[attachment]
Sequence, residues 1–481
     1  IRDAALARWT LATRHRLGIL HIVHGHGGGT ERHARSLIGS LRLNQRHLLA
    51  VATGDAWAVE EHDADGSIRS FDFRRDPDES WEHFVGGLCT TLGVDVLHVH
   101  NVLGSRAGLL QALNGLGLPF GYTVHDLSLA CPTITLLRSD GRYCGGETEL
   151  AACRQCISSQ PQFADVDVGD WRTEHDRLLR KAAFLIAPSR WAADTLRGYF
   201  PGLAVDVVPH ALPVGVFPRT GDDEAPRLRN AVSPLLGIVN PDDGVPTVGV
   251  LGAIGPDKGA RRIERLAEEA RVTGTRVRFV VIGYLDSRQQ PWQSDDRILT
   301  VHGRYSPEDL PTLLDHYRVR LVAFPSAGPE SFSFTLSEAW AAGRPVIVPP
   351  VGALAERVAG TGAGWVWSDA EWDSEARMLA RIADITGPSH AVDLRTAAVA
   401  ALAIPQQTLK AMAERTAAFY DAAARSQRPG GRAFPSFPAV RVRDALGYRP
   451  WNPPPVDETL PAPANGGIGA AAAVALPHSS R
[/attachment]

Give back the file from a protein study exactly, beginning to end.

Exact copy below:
Sequence, residues 1–481
     1  IRDAALARWT LATRHRLGIL HIVHGHGGGT ERHARSLIGS LRLNQRHLLA
    51  VATGDAWAVE EHDADGSIRS FDFRRDPDES WEHFVGGLCT TLGVDVLHVH
   101  NVLGSRAGLL QALNGLGLPF GYTVHDLSLA CPTITLLRSD GRYCGGETEL
   151  AACRQCISSQ PQFADVDVGD WRTEHDRLLR KAAFLIAPSR WAADTLRGYF
   201  PGLAVDVVPH ALPVGVFPRT GDDEAPRLRN AVSPLLGIVN PDDGVPTVGV
   251  LGAIGPDKGA RRIERLAEEA RVTGTRVRFV VIGYLDSRQQ PWQSDDRILT
   301  VHGRYSPEDL PTLLDHYRVR LVAFPSAGPE SFSFTLSEAW AAGRPVIVPP
   351  VGALAERVAG TGAGWVWSDA EWDSEARMLA RIADITGPSH AVDLRTAAVA
   401  ALAIPQQTLK AMAERTAAFY DAAARSQRPG GRAFPSFPAV RVRDALGYRP
   451  WNPPPVDETL PAPANGGIGA AAAVALPHSS R